“Private lenders, and the originators
they work with, must exercise an ounce of
prevention on the front end of a loan deal
to ensure that a business-purpose
designation is appropriate.”
<< Probe continued from Page 58
While loans to natural persons require the private money
lender to determine at the outset whether the proposed loan
has a business or consumer purpose, a correct designation as
a business-purpose financing allows the private money lender
to originate the loan to a natural person without having to
comply with the TILA. Moreover, even loans to a natural person
that are secured by owner-occupied residential properties
may qualify as business-purpose loans.
Some examples are provided by the Consumer Financial
Protection Bureau (CFPB). Those include a loan to expand a
business, even if it is secured by the borrower’s residence or
personal property. Another is a loan to improve a principal
residence by putting in a business office. Another example
of business-purpose financing is a loan to acquire a rental
property that is or will be owner-occupied within the coming
year, if the property contains more than two housing units.
Details of the loan
Several factors must be considered when evaluating whether to
extend credit for the purchase of owner-occupied properties
for a business purpose. The first is what is the borrower’s
statement describing the purpose of the proposed loan.
A statement from a proposed borrower that the
proceeds of the loan will be used for a child’s school
tuition, a medical expense or to go on a family vacation,
indicates a consumer purpose. A mixed-purpose loan (part
business, part consumer), may still result in a lender properly
designating a loan as having a business purpose.
If a borrower is a licensed contractor who is going to use
some of the proceeds of a loan to buy a truck to use for work
and for personal purposes, for example, this could still qualify
as a business-purpose loan. An originator working with a lender,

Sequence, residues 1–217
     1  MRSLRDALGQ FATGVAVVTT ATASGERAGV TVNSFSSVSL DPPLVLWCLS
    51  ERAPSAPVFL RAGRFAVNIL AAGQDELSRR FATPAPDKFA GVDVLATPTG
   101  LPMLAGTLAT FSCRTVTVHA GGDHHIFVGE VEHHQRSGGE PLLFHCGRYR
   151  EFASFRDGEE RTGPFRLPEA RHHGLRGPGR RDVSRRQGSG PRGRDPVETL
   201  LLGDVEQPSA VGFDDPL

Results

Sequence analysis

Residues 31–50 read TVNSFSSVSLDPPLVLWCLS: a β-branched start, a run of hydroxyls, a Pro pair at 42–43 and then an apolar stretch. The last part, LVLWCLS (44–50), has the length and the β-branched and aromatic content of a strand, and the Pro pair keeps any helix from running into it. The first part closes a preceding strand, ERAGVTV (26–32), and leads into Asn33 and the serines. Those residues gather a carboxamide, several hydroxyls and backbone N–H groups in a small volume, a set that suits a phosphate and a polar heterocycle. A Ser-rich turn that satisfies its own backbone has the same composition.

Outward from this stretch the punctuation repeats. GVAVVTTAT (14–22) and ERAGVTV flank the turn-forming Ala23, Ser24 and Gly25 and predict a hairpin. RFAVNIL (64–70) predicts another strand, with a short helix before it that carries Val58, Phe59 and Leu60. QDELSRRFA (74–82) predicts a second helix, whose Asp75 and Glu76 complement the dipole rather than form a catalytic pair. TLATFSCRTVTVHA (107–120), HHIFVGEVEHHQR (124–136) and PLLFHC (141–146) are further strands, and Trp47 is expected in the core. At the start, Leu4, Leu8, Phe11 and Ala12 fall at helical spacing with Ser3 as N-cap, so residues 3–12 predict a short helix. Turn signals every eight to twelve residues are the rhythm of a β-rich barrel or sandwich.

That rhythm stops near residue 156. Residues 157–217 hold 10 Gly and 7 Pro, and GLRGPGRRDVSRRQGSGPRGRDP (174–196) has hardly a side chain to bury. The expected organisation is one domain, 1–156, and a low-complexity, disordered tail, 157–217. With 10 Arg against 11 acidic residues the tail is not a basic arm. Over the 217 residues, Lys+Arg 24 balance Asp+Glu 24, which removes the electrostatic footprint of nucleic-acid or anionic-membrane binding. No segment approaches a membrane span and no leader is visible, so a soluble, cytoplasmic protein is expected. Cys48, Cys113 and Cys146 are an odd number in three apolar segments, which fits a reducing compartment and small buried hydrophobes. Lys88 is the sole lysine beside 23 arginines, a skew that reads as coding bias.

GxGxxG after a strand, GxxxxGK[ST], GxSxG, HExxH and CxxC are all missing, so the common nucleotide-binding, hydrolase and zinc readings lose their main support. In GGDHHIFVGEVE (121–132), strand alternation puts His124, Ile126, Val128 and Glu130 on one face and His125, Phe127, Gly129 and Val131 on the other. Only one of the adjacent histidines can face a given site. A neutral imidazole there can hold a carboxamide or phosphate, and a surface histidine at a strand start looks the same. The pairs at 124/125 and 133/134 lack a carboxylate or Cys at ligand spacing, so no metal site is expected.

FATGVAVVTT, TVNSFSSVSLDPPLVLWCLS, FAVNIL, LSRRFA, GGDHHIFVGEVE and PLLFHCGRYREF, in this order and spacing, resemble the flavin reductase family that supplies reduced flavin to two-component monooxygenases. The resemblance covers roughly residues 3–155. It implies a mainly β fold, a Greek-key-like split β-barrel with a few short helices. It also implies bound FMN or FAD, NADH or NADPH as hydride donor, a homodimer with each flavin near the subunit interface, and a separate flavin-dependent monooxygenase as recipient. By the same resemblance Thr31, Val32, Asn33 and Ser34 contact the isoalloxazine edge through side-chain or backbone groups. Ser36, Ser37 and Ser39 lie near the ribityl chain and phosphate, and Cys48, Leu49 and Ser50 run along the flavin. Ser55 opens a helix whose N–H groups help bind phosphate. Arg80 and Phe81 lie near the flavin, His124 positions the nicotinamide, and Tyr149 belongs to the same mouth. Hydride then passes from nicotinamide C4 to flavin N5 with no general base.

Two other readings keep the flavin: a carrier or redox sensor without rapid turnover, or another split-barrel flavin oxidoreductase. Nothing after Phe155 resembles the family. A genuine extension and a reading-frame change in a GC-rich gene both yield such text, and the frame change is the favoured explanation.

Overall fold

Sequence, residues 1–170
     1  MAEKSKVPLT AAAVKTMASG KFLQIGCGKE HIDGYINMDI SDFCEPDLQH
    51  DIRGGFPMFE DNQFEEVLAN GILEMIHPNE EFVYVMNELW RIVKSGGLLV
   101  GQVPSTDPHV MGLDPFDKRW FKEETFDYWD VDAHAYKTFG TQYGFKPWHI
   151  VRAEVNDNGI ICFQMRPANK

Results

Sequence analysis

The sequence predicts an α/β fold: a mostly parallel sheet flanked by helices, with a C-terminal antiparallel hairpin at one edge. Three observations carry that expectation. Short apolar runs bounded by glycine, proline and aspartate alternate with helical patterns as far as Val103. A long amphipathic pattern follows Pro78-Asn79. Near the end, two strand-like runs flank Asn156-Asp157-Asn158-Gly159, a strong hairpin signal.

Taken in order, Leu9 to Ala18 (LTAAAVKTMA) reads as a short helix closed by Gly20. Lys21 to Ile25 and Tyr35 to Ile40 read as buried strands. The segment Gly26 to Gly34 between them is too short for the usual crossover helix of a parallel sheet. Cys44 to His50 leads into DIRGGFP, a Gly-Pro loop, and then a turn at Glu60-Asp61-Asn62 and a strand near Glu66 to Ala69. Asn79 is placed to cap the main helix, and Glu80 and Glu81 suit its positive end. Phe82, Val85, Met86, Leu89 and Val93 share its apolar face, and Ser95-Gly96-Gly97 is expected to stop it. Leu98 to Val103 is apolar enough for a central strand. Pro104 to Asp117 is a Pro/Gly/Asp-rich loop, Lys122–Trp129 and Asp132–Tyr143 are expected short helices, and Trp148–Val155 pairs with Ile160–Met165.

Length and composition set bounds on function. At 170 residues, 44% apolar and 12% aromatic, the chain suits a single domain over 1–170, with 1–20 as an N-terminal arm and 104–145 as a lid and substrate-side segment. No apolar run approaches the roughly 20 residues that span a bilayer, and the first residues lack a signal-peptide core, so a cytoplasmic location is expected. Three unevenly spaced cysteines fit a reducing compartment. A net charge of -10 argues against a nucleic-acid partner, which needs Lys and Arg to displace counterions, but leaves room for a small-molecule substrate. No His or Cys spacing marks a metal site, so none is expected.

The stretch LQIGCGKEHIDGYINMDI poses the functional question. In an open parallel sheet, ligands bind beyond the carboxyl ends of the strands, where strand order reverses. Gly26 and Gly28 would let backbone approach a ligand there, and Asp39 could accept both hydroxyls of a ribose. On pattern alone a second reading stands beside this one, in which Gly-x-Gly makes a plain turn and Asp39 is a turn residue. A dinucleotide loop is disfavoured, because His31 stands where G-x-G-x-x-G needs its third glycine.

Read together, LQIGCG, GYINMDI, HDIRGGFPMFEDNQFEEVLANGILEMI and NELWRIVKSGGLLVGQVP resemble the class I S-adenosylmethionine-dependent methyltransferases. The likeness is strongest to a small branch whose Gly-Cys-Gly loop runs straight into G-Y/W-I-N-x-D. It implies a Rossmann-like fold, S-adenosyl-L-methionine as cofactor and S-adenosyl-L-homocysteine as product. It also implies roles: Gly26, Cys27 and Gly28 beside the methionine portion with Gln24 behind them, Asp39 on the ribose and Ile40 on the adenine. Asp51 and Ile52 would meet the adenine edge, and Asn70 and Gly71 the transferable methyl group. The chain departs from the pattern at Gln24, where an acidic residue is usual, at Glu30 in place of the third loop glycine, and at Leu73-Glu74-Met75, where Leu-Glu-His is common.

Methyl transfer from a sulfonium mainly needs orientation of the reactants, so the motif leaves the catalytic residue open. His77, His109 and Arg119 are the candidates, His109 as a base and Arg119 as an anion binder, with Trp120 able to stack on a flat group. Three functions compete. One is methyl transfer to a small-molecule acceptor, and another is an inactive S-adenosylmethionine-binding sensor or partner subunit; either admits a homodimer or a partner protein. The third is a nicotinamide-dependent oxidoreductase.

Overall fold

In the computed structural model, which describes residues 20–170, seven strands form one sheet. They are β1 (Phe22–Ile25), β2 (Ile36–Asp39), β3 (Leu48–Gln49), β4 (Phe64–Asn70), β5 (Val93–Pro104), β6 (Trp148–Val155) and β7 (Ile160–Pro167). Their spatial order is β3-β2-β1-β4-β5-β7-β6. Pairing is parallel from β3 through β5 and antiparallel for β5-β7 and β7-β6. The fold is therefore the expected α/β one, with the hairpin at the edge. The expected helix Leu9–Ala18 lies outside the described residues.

however, must look deeper into the proposed loan before
making the business-purpose determination. This would include
determining, among other things, if the proposed borrower has
any other vehicles that are used for personal purposes.
Originators also should determine if there’s correlation
between the borrower’s occupation and the use of the
loan proceeds. If a dentist, for example, proposes to use the
loan proceeds to expand a dental practice or to modernize
equipment, such as to purchase chairs and X-ray machines, this
would have a greater likelihood of being for a business purpose.
Whether the borrower will personally manage the assets
purchased with the loan proceeds is another factor to consider.
To qualify as a business purpose, a borrower who will use
the loan proceeds to buy an asset, enterprise, or to make an
investment, must have a high degree of personal involvement
in the asset’s management. If a borrower plans to use loan
proceeds to purchase stock in a real estate holding company
where the borrower doesn’t work, for example, that likely
would be deemed a personal investment and a consumer-purpose loan, not a business-purpose loan.
In addition, the larger the size of the transaction, the
more likely it is that the loan being used to fund it will be
deemed to have a business purpose. The CFPB tends to take
the view that individuals are less likely to need large loans for
Finally, the amount of income derived from the property
acquired by the loan proceeds also is a factor in determining
whether it has a consumer or business purpose. The less
income derived from the acquired property or asset, the more
likely the loan will be deemed to have a consumer purpose.
The CFPB is usually inclined to presume that the acquisition of
an asset that is income-producing is more likely than not to be
for a business purpose.
To the extent that there is one type of loan for which
the CFPB does not see a “twilight zone” gray area between
a business or consumer purpose, it is a loan secured by a
nonowner-occupied rental property. Credit extended to
acquire, improve or maintain a rental property (regardless of
the number of housing units) that is not owner-occupied is
deemed to be for business purposes.
n n n
Business-purpose loans are the lifeblood of the private money
lending industry. To keep that lifeblood pumping, private
money lenders, and the originators they work with, must
exercise an ounce of prevention on the front end of a loan deal
to ensure that a business-purpose designation is appropriate.
This due diligence will go a long way in preventing the
private money lender from unwittingly making
a consumer-purpose loan and potentially
suffering a big hit to the bottom line later on
as a consequence of that mistake. n